The parties dispute whether White's injuries were "sustained while in the performance of his duty" and, therefore, whether there is a substantial question of coverage. The government contends that because the Secretary of Labor has found coverage in cases factually similar to White's, we cannot be certain that the Secretary could not find coverage here. White, on the other hand, argues that the circumstances of his accident are factually indistinguishable from those in Bailey, in which we held that there was not a substantial question of coverage. Therefore, under our own circuit law, he argues, no substantial question of coverage can exist.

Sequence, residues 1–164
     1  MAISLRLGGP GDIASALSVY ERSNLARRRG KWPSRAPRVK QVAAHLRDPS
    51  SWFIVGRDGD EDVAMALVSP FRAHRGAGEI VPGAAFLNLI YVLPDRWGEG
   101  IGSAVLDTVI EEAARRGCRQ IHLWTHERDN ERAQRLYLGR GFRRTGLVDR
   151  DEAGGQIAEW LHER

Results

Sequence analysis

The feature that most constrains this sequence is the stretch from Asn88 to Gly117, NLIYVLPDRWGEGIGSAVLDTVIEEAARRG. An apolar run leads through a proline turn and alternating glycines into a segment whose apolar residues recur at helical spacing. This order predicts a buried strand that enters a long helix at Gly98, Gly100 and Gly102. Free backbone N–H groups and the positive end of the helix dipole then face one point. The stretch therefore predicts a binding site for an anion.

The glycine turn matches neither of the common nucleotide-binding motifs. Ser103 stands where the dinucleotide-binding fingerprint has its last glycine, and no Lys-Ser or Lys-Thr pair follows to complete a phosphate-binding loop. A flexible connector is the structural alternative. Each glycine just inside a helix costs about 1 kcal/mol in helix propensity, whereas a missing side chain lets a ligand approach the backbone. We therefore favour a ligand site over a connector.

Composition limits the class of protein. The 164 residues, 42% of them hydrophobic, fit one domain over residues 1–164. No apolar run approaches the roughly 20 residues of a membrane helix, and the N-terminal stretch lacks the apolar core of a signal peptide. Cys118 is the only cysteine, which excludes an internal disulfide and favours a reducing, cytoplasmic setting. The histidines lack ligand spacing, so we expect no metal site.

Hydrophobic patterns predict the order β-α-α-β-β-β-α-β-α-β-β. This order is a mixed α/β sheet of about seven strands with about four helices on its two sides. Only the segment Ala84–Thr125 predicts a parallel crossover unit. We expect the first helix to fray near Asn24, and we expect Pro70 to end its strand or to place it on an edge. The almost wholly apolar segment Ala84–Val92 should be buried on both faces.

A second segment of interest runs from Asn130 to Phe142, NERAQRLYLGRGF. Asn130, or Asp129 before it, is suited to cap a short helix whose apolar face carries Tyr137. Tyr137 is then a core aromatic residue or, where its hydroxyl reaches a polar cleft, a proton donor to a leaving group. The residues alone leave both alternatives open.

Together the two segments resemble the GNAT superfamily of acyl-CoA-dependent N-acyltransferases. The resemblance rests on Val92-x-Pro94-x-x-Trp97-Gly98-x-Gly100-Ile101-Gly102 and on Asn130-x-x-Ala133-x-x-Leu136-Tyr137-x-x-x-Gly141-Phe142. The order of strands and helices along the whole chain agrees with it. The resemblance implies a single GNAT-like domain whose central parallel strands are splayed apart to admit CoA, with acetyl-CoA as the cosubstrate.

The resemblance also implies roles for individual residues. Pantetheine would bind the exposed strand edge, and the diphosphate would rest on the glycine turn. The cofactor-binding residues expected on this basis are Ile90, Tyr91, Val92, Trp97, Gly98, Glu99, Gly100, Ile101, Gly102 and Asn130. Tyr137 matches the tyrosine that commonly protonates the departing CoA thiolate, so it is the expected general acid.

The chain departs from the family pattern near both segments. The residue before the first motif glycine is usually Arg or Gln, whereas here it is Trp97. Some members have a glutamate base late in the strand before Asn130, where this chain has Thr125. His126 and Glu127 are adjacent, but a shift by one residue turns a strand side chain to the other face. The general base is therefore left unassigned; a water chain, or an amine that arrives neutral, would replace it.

At the center of the parties' dispute is the application of the "premises rule," which provides that an employee's injuries are compensable when sustained on the employer's premises while the employee is going to or from work. See Bailey, 451 F.2d at 965-66; 1 ARTHUR LARSON & LEX K. LARSON, LARSON'S WORKERS' COMPENSATION LAW § 15.00 (1997). As support for its argument that the Secretary would likely find that White's injuries were sustained in the performance of duty, the government cites two ECAB decisions, Gordon R. Woodruff, No. 89-390, 1989 WL 221872 (Empl.Comp.App.Bd.1989), and Anneliese Ross, 42 E.C.A.B. 371 (1991), in which the Secretary, applying the premises rule, found coverage for injuries sustained by employees while the employees were driving on the employer's premises and going either to or from work. In Ross, Anneliese Ross, a civilian military employee, was injured while she was driving to work on a road within the military reservation, and a military vehicle hit her car. Ross, 42 E.C.A.B. at 371. Similarly, Gordon Woodruff, also a civilian employee on a military base, was injured in a car accident caused by a government vehicle while he was driving on the roads in the military reservation returning from lunch after his regular lunch break. Woodruff, 1989 WL 221872, at * 1. In both cases, the Board found that the employee's injury was covered under FECA, citing the premises rule as the reason the employee's injuries were sustained in the performance of duty. Ross, 42 E.C.A.B. at 373; Woodruff, 1989 WL 221872, at * 1. Noting that it had interpreted the phrase "sustained in the performance of duty" "to be the equivalent of the commonly found prerequisite in worker's compensation law of 'arising out of and in the course of employment,' "3 the Board set out the connection between the premises rule and the requirement that the employee's injury occur in the scope of employment: